One point I wanted to add: If you use pins for basting, I would suggest the bent quilting pins and spend the extra money to get the closing tool. (Looks like a screwdriver with a blunt end and it saves your fingers.)

    Don't lay out your sandwich on anything where scratches would be a bad thing. It is easy to scratch the surface with the pins - particularly when working fast.

  12. #12
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    Quote Originally Posted by MadQuilter
    Quote Originally Posted by tlrnhi
    and have also safety pinned my quilts to the carpeting too! It works!
    Usually one only does that once (or one intents to only do it once - speaking from experience). lol

    One point I wanted to add: If you use pins for basting, I would suggest the bent quilting pins and spend the extra money to get the closing tool. (Looks like a screwdriver with a blunt end and it saves your fingers.)

    Don't lay out your sandwich on anything where scratches would be a bad thing. It is easy to scratch the surface with the pins - particularly when working fast.
    I saw Eleanor (QIAD) use these and it was neat

  13. #13
    Super Member Rose Marie's Avatar
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    I love the bent pins. With a coupon at Joanns you can get the multi colored covers for them that make it easier to handle.
    You can use a crochet hook or a grapfruit spoon to help hook the pins but I do have the wooden handled tool that is easy on the hands.
    You can use the big metal clips or you can buy the plastic round clips that hold smoothly to a 1 inch table. I use both, the smooth clips for the backing and the black clips for the top.

  14. #14
    Super Member crkathleen's Avatar
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    I never thought of a crochet hook. I tore my fingers up the other night pinning a quilt. After I ran out of pins I was looking for more and came across my "tool" that I used to use (forgot about it). 1/2 a clothes pin. I even put notches in it to catch the pin end.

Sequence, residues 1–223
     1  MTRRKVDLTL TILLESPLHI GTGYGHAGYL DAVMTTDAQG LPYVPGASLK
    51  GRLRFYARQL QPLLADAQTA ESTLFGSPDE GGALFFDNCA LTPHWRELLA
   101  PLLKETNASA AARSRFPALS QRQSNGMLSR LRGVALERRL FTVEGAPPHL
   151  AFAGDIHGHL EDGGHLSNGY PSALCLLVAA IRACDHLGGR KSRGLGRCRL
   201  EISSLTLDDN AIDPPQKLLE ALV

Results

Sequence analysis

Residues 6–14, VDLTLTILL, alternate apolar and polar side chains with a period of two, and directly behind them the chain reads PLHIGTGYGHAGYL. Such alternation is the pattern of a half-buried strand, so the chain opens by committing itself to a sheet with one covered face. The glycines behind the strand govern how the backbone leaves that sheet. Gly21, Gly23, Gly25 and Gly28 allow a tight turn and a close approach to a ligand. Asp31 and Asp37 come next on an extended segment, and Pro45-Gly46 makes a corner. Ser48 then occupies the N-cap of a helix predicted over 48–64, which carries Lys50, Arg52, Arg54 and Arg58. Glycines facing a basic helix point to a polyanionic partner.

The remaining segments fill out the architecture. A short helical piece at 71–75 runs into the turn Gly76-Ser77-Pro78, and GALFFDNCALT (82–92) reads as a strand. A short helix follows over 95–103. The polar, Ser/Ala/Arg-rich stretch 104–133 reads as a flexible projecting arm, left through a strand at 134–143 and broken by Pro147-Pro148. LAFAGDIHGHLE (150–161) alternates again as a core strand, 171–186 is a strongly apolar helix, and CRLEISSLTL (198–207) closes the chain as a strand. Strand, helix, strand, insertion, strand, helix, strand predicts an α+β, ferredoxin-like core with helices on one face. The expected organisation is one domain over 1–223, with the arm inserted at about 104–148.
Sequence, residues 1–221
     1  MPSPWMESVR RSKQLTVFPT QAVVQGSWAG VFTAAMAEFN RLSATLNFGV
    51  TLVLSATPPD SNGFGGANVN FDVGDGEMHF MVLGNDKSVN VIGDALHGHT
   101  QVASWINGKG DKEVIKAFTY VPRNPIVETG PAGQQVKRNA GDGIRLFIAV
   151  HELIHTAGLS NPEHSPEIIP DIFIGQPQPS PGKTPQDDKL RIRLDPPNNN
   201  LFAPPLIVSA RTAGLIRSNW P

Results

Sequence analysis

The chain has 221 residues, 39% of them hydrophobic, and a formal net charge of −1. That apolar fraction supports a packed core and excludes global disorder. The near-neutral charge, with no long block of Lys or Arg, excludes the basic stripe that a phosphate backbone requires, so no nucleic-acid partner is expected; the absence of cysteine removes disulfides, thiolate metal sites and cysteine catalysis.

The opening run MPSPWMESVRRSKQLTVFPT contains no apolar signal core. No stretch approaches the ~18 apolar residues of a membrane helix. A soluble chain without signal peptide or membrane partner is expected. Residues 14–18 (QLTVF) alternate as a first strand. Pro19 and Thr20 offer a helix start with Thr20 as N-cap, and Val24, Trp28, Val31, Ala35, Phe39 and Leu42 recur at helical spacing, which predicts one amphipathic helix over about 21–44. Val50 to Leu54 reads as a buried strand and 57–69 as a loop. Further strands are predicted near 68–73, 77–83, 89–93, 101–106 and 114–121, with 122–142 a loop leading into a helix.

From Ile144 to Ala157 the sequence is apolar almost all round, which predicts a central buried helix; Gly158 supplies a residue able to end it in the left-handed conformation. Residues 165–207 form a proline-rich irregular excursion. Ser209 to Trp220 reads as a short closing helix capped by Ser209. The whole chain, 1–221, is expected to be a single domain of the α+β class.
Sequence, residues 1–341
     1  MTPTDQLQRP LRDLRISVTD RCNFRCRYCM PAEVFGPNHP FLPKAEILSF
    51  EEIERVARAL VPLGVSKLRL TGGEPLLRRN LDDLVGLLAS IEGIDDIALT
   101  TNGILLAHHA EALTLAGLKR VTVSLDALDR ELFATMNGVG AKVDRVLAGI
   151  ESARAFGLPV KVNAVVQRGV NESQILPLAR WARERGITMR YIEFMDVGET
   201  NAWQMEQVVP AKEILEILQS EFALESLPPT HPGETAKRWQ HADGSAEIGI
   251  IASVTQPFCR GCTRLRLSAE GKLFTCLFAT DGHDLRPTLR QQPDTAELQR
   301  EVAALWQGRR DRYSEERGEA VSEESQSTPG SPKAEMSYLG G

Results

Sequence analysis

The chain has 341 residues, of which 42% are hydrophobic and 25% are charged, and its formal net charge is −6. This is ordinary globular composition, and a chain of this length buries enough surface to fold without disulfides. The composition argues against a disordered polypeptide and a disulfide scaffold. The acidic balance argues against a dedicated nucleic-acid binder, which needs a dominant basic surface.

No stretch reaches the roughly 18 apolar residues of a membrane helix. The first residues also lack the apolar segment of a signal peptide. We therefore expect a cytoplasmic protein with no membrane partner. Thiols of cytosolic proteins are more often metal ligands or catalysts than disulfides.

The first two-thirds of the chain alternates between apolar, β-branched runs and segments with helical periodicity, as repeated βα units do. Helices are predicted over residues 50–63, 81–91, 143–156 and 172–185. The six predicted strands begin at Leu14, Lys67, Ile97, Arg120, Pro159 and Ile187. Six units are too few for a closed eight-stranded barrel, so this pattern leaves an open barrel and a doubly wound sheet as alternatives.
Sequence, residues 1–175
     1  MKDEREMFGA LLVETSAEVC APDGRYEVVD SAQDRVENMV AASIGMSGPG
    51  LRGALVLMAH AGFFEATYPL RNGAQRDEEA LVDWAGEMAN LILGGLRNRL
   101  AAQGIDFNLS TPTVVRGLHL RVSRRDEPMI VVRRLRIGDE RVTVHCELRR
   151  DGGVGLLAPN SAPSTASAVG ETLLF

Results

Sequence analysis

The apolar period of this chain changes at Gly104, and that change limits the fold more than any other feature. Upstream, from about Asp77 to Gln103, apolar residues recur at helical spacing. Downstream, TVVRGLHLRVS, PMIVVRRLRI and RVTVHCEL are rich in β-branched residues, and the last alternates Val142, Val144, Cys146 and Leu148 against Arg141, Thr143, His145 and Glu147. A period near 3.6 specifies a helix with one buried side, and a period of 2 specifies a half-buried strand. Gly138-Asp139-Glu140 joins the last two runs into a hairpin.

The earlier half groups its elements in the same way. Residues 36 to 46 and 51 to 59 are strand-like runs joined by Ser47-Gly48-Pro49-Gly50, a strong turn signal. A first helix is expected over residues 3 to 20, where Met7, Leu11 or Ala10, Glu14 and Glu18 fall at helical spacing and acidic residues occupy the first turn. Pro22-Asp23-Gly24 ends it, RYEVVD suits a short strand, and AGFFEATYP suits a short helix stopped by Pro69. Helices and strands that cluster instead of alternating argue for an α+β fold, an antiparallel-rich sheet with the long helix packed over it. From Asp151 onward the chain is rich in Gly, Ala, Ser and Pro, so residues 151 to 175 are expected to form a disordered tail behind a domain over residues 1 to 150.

Attached Images Attached Images

  15. #15
    Super Member crkathleen's Avatar
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    Now I save my picture as a bit map instead of jpeg and it still didn't come up.

  16. #16
    racnquilter's Avatar
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    Like the idea of the crochet hook to help. That would help when basting as well. Sometimes my fingers get sore lifting needle up to pull through. The other day I used wooden skewers from my kitchen to do this, will drag out some crochet hooks before I take my next project to baste.

    And yes, I use masking or painters tape to tape my backing to tables at the church to sandwich my quilts together.

  17. #17
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    Quote Originally Posted by crkathleen
    I never thought of a crochet hook. I tore my fingers up the other night pinning a quilt. After I ran out of pins I was looking for more and came across my "tool" that I used to use (forgot about it). 1/2 a clothes pin. I even put notches in it to catch the pin end.
    Hey great idea kiddo. I actually am weird I guess. I use the big pins. Safety pin size.

  18. #18
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    Quote Originally Posted by crkathleen
    Now I save my picture as a bit map instead of jpeg and it still didn't come up.
    Did you "preview"? THat seems to kick the picture out. BTW - it downloaded just fine.

  19. #19
    Senior Member Quiltntime's Avatar
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    Quote Originally Posted by MadQuilter
    Yes, I tape my backing on a large table using blue painter's tape. (I actually put my ironing board in front of the table to extend the table space. I have yet to have any problems with that method.)

    The key is not to overstretch your backing (or batting, or the top, for that matter). I just gently pat every component down from the center out. Helps to NOT be in a hurry.
    Blue painter's tape is a great method. I buy it at the Dollar Store.

  20. #20
    Super Member Teacup's Avatar
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    If you have access to a ping pong table, that also makes a large surface to lay a quilt out on. You can take the net off the middle if your quilt is large enough.